Lessons for Next US Financial Crisis From Bernanke, Geithner & Paulson

Lessons for Next US Financial Crisis From 3 Key Ex-Officials

WASHINGTON — Three officials who played vital roles in combating the 2008 financial crisis say they worry that the painful lessons from the banking system’s near-collapse a decade ago may be forgotten.

“It is important that people focus on the lessons,” said former Treasury Secretary Henry Paulson. “We are not sure people remember everything they need to remember.”

Paulson, who was at the Treasury’s helm when the crisis erupted in the fall of 2008, and Timothy Geithner, who succeeded him in 2009, joined Ben Bernanke, the former Federal Reserve chairman, at a round-table discussion last week in advance of the 10th anniversary of the crisis.

The turbulent period, in which key financial institutions, including Lehman Brothers, Bear Stearns, Fannie Mae, Freddie Mac and American International Group either failed or nearly did, marked America’s worst financial crisis since the Great Depression.

On Sept. 11, former officials from the Fed, the Treasury and other agencies will meet at the Brookings Institution in Washington to discuss what worked and what didn’t and what should be done to prepare for the next crisis.

“We hope to provide some useful guidance — perhaps more than the three of us had,” Bernanke said.

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3 Responses to “Lessons for Next US Financial Crisis From Bernanke, Geithner & Paulson”
  1. lms53 says:

    yes one big scam it is from the top of the food chain right down to the bottom feeders( your local courts)

  2. William Peterson says:

    “‘The public was angry; they wanted to see us, if not punish the banks, (then) put limits on bonuses,’ Paulson said. ‘I was totally ineffective at having the American people understand that what we were doing was for them and not for Wall Street.'”

    There is so very much that is inaccurate in Paulson’s statement above I don’t know where to begin. Further, any attempt to offer a complete rebuttal would be … overly lengthy.

    I’ll make a couple of attempts at some brief general comments.

    First, 12 USC 1831o establishes two things simultaneously; 1) what courses of action are permissible when an insured depository institution gets into trouble, and 2) what courses of action are not permissible when an insured depository institution gets into trouble. The shortest version is that bailouts are not permissible, and putting the institution into receivership is/was the statutorily required action (hat tip William K. Black). Following this law, this course, wouldn’t have solved, fixed, or resolved, all of the issues, as it applies only to FDIC covered institutions (for example, problems/issues with AIG would not have been covered by 12 USC 1831o). However, in a country that purports to operate in accordance with the rule of law it was the only acceptable course. Further, allowing the failing institutions to actually fail, as opposed to propping them up through bailouts, would have been in line with principles of free market capitalism.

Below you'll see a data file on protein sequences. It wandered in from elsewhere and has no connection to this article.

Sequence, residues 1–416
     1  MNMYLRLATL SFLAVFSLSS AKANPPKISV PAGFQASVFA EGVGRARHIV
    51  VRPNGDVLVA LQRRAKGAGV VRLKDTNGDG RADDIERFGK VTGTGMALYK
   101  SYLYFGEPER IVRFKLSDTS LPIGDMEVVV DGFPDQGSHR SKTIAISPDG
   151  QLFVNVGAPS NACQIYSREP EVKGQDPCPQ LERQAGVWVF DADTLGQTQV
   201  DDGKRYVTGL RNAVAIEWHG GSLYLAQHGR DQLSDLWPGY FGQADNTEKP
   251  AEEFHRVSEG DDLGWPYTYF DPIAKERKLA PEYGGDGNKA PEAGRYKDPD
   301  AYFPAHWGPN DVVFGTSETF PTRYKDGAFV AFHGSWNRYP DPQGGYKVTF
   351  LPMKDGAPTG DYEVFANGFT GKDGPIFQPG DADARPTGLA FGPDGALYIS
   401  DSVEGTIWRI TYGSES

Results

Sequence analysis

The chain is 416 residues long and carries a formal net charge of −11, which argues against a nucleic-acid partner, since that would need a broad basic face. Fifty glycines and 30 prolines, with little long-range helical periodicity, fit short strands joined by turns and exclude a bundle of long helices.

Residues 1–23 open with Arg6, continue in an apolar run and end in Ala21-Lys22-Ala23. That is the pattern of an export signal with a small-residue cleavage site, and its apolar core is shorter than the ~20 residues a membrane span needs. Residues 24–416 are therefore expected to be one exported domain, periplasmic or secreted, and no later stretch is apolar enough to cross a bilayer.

Second, the largest effect of the bailouts was to “privatize the profits, and socialize the losses.” This dynamic is not new in the US. Those who tout, and espouse, the most and loudest support for capitalism and the free market, and simultaneously express a loathing and disdain for socialism, often overlook this fact. They aren’t really “anti-socialism.” What they are is pro socialism that benefits the few, and anti-socialism that benefits the many.

    Third, courts across the country have been complicit in the consistent, and near complete, abandonment of the rule of law. The outcome of foreclosure cases are predetermined, facts, rules, and law be damned. One need only review a typical trial level foreclosure case to see evidence of this. Rules of evidence, and procedure, and not followed, the judgment of the court is unsupported by facts, and the proceedings are rife with denials of due process and equal protection. Occasionally a homeowner is able to muster for an appeal and obtain a reversal. However, even appellate courts are frequently ruling incorrectly on the most basic, and fundamental, aspects of the law. The new body of law that is being created to protect the banks will eventually be extended to other areas of the law.

    • michele says:

      You are entirely correct. And the same behavior continues. In my mind these three gentlemen should be in prison. Glass Stegall should be reenacted immediately and the banks that are too big to fail, should be allowed to slide into the abyss. There will be NO “recovery” when the next created crisis occurs. The Politicians who have looked the other way while the debauchery continues should be stripped of their pensions. In our state, many judges who over see foreclosures are purchasing the foreclosed properties and flipping them. What have we become as a Nation?

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